What happens if the plaintiff prevails in an unlawful detainer action? How long does the tenant have to vacate? These are key questions that anybody involved in an unlawful detainer should consider. In general, after the landlord obtains a judgment against a tenant, the landlord must then apply to the court for a writ of possession. A writ of possession is a court document that orders possession to be given to the landlord.
The landlord must then take the writ of possession to the appropriate County Sheriff’s department. The sheriff’s department then coordinates with the landlord on dates and times the landlord is available to change the locks. Depending on how backed up the sheriff’s department is, the sheriff’s department will eventually served the 5 day notice to vacate. At the end of the five day period the sheriff along with the landlord will then lock out the tenant.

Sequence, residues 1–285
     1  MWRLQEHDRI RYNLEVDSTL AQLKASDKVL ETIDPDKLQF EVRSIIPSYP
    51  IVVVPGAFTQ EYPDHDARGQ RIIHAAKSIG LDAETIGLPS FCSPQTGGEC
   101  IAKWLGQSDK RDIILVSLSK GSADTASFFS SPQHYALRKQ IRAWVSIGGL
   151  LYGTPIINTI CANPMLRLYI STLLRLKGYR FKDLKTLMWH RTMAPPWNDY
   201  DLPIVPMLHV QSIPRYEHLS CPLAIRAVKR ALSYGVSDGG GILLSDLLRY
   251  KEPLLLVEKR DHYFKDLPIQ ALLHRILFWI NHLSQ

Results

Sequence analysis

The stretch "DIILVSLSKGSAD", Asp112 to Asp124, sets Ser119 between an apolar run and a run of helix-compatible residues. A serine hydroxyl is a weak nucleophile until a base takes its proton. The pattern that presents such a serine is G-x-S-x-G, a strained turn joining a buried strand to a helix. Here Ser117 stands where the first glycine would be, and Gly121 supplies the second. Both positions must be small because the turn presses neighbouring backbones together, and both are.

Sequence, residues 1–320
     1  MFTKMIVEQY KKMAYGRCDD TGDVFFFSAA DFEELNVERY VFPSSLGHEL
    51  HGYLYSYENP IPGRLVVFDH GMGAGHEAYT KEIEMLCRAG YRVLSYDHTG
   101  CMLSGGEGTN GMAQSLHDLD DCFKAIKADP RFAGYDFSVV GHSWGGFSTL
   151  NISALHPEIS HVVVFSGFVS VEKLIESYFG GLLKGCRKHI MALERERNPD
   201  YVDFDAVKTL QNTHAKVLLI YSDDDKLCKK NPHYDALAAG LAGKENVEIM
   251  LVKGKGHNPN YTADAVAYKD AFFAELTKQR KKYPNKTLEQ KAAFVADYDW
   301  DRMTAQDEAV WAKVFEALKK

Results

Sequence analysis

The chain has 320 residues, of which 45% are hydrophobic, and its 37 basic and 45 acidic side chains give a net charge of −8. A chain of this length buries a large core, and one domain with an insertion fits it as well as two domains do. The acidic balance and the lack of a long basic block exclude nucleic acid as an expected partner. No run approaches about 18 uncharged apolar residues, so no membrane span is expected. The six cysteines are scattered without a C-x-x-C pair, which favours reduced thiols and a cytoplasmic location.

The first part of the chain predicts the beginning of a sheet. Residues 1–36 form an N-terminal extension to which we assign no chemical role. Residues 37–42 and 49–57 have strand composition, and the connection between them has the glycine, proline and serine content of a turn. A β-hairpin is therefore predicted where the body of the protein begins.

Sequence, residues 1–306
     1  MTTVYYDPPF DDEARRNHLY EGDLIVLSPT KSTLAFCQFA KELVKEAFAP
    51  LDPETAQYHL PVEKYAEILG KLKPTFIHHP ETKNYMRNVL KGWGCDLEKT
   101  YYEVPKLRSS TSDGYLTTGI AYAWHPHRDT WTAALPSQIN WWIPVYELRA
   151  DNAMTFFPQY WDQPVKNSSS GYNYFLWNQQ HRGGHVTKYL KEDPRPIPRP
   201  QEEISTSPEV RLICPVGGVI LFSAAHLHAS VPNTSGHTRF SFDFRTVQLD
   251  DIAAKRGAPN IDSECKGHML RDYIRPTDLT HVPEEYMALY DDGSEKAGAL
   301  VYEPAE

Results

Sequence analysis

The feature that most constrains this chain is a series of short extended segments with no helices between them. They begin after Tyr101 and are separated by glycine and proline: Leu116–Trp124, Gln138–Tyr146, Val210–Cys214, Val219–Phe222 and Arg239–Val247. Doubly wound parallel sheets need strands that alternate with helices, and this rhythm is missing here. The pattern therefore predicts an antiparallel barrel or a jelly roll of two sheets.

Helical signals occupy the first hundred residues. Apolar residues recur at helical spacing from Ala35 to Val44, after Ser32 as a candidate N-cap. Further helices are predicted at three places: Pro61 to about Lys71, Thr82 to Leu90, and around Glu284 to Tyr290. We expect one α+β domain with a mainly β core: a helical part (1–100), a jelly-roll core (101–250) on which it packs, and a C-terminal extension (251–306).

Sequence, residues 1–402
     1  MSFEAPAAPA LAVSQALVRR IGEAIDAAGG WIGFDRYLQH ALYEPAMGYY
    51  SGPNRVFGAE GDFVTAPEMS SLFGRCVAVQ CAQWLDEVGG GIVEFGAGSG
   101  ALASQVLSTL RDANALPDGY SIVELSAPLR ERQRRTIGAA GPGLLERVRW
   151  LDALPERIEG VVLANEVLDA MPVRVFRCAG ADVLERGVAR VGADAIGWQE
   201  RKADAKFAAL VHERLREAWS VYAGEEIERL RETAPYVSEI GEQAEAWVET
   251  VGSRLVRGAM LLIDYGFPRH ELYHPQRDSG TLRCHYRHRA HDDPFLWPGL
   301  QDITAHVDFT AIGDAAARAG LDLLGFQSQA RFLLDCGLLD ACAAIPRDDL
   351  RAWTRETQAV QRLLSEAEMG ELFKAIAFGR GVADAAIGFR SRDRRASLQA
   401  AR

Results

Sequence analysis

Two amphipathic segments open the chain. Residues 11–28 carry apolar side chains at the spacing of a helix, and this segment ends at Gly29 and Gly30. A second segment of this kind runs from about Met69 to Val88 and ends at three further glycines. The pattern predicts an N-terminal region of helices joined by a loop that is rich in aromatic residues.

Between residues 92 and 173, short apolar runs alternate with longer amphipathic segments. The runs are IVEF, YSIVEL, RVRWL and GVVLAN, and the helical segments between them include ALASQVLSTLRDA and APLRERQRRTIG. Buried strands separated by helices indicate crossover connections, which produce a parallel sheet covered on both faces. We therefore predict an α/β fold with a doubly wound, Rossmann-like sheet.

Why is this important to know? It is important because both the landlord and the tenant need to know what will happen if the landlord prevails at trial. And, this can help a tenant or a landlord to negotiate. By knowing the applicable time frame both the landlord and tenant can try to negotiate a settlement on their own terms and on their own time frame.
For help with you unlawful detainer action, contact the real estate attorneys at Schorr Law, APC, email@example.com, 310-954-1877. Or, to learn the ins and outs of the unlawful detainer process, download our eBook today.